JTE - Jigdo Template Export
- Introduction - jigdo and JTE
- How to use JTE
- How JTE works
- How to use jigit-mkimage
- (Dead) experiments
- External integration
- What's left to do?
Introduction - jigdo and JTE
Jigdo is a useful tool to help in the distribution of large files like CD and DVD images. See Richard Atterer's site for more details. Debian CDs and DVD ISO images are published on the web in jigdo format to allow end users to download them more efficiently.
Jigdo is generic and powerful - it can be used for any large files that are made up of smaller files. However, to be this generic is costly. Creating jigdo files from ISO images is quite inefficient - to work out which files are included in the ISO image, jigdo has to calculate and compare checksums of every possible file and every extent in the image. Essentially it has to brute-force the image. It can take a long time to do this for a large image (imagine a 4.5GB DVD image or a 30+GB Blu-Ray image).
I first started looking for ways to improve this back in 2004:
- Modify jigdo so it knew about the internals of ISO images and could efficiently scan them (bad, not very generic for jigdo)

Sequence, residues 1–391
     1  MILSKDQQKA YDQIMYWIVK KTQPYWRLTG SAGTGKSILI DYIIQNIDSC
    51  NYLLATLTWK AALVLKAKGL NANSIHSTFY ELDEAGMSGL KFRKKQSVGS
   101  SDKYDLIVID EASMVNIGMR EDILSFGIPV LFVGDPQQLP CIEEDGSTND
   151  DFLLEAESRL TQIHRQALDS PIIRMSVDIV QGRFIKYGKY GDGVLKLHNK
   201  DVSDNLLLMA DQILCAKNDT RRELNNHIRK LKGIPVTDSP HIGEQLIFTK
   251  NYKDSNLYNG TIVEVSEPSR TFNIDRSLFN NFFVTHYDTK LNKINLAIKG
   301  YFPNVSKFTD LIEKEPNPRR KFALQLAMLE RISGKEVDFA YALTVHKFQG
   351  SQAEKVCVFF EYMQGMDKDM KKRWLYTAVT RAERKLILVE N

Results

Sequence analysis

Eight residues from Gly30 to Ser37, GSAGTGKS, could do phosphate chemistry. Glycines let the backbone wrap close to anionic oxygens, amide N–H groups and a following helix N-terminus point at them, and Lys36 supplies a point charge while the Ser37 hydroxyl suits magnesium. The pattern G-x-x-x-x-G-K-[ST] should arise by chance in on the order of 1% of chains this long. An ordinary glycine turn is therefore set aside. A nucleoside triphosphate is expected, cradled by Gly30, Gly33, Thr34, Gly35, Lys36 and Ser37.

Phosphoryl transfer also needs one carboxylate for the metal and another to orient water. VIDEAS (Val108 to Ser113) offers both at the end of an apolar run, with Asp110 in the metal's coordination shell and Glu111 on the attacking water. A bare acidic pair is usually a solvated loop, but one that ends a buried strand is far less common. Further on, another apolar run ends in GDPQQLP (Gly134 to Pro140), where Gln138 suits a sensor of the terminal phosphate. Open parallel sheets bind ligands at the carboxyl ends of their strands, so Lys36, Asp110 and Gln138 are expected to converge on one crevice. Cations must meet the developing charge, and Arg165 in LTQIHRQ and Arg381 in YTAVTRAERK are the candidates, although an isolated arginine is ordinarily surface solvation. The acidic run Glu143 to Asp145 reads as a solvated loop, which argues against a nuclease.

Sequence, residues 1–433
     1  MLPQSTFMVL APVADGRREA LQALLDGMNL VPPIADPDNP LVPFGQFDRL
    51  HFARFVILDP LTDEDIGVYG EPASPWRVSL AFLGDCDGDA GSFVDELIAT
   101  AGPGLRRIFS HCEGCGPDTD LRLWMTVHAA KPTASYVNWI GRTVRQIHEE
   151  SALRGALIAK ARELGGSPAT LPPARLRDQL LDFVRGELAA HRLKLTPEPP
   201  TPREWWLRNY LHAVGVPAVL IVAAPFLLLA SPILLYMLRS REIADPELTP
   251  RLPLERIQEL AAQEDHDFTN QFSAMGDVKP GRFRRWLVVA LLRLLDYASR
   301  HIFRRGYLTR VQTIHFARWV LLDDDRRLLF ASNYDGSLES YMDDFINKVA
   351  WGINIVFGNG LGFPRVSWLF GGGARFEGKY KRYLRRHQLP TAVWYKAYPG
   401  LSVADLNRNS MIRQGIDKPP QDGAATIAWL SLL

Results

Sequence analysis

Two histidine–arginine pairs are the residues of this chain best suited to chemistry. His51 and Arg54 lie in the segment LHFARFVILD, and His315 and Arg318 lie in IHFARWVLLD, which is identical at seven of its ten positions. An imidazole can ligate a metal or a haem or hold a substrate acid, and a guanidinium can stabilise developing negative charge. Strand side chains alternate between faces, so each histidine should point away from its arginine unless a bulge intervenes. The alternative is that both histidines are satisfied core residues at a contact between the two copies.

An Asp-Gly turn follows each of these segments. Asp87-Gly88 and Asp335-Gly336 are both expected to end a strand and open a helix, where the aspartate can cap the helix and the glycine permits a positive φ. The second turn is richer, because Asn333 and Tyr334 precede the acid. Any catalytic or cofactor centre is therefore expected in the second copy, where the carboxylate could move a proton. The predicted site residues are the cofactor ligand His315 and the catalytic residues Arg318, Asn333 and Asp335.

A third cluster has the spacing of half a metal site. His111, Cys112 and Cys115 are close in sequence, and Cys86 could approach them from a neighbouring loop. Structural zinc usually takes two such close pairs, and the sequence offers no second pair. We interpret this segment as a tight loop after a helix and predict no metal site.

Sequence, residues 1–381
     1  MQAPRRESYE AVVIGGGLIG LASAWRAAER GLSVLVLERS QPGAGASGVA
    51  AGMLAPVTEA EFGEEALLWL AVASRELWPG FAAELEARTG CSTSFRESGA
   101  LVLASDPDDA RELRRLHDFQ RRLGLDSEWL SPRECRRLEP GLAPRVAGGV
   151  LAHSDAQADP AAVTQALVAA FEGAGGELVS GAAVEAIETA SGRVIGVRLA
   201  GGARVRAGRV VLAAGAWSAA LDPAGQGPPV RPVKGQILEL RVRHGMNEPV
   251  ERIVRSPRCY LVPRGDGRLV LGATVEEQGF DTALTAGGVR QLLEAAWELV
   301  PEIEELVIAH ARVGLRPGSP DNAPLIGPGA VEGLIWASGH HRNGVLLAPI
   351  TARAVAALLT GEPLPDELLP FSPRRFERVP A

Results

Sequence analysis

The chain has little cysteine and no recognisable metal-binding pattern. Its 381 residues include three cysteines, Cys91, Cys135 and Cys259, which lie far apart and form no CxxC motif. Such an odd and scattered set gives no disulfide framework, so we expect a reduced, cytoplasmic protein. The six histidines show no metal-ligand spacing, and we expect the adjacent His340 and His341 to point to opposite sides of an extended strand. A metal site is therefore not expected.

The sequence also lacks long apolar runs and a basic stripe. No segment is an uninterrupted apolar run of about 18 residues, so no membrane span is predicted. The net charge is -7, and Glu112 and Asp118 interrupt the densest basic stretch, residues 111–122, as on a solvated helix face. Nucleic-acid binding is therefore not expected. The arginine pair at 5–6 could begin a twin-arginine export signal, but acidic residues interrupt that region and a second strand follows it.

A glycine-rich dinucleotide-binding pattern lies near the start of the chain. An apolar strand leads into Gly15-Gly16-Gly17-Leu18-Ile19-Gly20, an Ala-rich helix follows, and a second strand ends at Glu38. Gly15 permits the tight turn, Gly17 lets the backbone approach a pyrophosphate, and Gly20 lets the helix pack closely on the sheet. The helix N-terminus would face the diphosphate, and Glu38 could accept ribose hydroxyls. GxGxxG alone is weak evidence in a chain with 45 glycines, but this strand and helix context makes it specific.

- Write a helper tool to dump extra information for jigdo to use alongside the ISO image (I had a helper tool written, but modifying jigdo to use this looked HARD)
- Patch mkisofs/genisoimage to write .jigdo and .template files alongside the ISO image
I completed the third of these options, and called it JTE (or Jigdo Template Export). The code worked fine, and ran in a very small fraction of the time taken to run genisoimage and jigdo separately. The output .jigdo and .template files worked correctly, i.e. jigdo-file and the wrapper script jigdo-mirror accept them and would generate an ISO image that exactly matches the original.
Debian used that code for a number of years within genisoimage, but we've since switched over to using xorriso instead for our image building instead. It has a lot of useful features that we want compared to genisoimage, not least a friendly and engaged author in Thomas Scmitt!
Thomas and I and George Danchev worked together to package up my JTE code into libjte such that xorriso could use it effectively. Xorriso has been capable of generating jigdo files since 2010.
In late 2019, I took over maintenance of the jigdo upstream code and added support for a new (v2) jigdo data format, using SHA256 instead of MD5 internally. See my jigdo page for more details about that. I have also updated the JTE codebase to support this new format, of course.
As genisoimage is effectively dead at this point, I took the decision to not add the jigdo v2 support into the genisoimage codebase. If you need to generate jigdo v2 format, either use jigdo itself or xorriso if you'd like the performance benefit of the libjte integration.
JTE includes a few tools: